Thank you for dropping by today. Did we really just spend two hours chatting away? OMG! I can’t believe it.
Yes, I know I should get back to writing my novel, but hey, how often do I get to meet a lovely fellow writer such as yourself? I’m in total awe someone like you, being more than half-way through your PhD in Creative Writing and, like, totally awesome, is interested in spending some time with me. ME!
One day when Laurie Steed has become a household name and your works are part of school’s curricula I can say “Guys, have I told you the story of the day Laurie stood outside my door with a bag of croissants?”.
Yes, I know the fact that you’ll be moving in here next week may have a practical aspect of your visit, which sadly also means that I’ll be moving out of Mattie’s and my writing residency is ending. Anyway, I wish I’d taped our chat and could throw it up on YouTube…next time. For now, here is a snippet of this morning:
What made you decide to become a writer?
I’ve always been a fairly curious person, and particularly fascinated with human behaviour. In that respect, I’ve always been a writer, too; or at least, I’ve had a writer’s disposition. I spent most of my teenage years writing god-awful poetry and journaling my way through break-ups. While I didn’t formally commit to writing until ten years ago, writing, reading and oral storytelling have always been integral to both my and my family’s understanding of the world.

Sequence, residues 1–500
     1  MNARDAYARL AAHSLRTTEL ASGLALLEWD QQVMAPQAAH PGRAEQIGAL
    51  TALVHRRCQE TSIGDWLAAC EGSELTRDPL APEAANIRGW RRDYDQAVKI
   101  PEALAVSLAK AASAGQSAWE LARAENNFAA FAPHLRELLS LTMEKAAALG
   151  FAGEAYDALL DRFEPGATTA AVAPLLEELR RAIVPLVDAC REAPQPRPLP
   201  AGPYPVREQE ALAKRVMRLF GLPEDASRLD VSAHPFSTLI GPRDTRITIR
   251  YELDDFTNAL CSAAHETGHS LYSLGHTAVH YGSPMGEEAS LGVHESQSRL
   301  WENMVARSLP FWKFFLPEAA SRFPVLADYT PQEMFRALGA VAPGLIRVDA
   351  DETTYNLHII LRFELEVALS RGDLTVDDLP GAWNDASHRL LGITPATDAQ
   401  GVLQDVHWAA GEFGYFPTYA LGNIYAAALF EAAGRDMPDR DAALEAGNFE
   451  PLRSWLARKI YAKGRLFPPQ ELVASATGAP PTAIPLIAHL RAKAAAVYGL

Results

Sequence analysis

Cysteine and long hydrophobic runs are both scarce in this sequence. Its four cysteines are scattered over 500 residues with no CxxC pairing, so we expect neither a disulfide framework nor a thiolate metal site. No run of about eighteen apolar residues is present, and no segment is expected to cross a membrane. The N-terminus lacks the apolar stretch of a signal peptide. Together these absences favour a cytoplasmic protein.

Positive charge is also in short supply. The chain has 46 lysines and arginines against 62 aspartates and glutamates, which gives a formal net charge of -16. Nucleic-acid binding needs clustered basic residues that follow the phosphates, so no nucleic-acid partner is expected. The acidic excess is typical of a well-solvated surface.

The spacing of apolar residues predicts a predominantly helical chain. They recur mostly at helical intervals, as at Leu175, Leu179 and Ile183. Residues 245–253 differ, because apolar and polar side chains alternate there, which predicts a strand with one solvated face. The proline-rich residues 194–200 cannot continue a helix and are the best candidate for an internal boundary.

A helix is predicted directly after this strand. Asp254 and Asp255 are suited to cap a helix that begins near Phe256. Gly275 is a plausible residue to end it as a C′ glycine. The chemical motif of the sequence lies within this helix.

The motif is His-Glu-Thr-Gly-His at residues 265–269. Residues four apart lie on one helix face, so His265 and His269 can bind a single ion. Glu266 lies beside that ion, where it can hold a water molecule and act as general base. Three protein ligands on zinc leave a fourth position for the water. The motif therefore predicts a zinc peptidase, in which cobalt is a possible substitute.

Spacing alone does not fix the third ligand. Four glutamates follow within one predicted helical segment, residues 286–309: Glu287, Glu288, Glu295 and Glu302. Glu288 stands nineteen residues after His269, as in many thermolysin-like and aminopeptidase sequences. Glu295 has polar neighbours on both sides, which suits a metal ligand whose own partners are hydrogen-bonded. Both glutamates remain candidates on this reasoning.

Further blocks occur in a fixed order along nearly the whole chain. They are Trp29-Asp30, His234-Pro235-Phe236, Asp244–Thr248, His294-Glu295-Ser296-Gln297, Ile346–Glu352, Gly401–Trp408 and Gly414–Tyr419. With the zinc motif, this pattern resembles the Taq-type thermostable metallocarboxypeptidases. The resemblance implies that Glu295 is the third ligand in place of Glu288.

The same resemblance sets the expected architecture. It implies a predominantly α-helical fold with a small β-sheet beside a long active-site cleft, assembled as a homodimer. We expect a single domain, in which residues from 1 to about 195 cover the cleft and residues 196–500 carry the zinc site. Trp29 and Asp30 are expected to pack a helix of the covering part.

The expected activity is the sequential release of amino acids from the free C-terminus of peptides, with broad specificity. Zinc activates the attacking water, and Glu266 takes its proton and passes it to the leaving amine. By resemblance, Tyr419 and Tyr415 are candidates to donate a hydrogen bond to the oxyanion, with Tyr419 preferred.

My mother was an actress, re-enacting memories from the audience as part of Playback Theatre; my eldest brother wrote pulp fiction, and self-published it too, sheets folded and stapled, red Texta traced bullet holes scattered over the front cover. Whenever I couldn’t sleep, my other brother told me lighter stories about responsible gang members and grannies with superpowers, tales that taught me much about entertainment and a willingness to think outside the square when it came to narrative storytelling. I guess my life as a writer was more a continuation than a decision. Storytelling has always been in the Steed bloodline.
What was your biggest challenge in your writing career (so far) and how did you tackle it?
In 2007 I found myself homeless, with few belongings and living roughly a thousand miles from everyone I loved. I wasn’t writing much despite my plan to make my latest journey profitable in terms of literary output. I was in a hostel with coin-operated air conditioning, living with six Belgian backpackers who slept all day and partied all night, telling me to keep down the noise and any natural light between the hours of 9am and 5pm.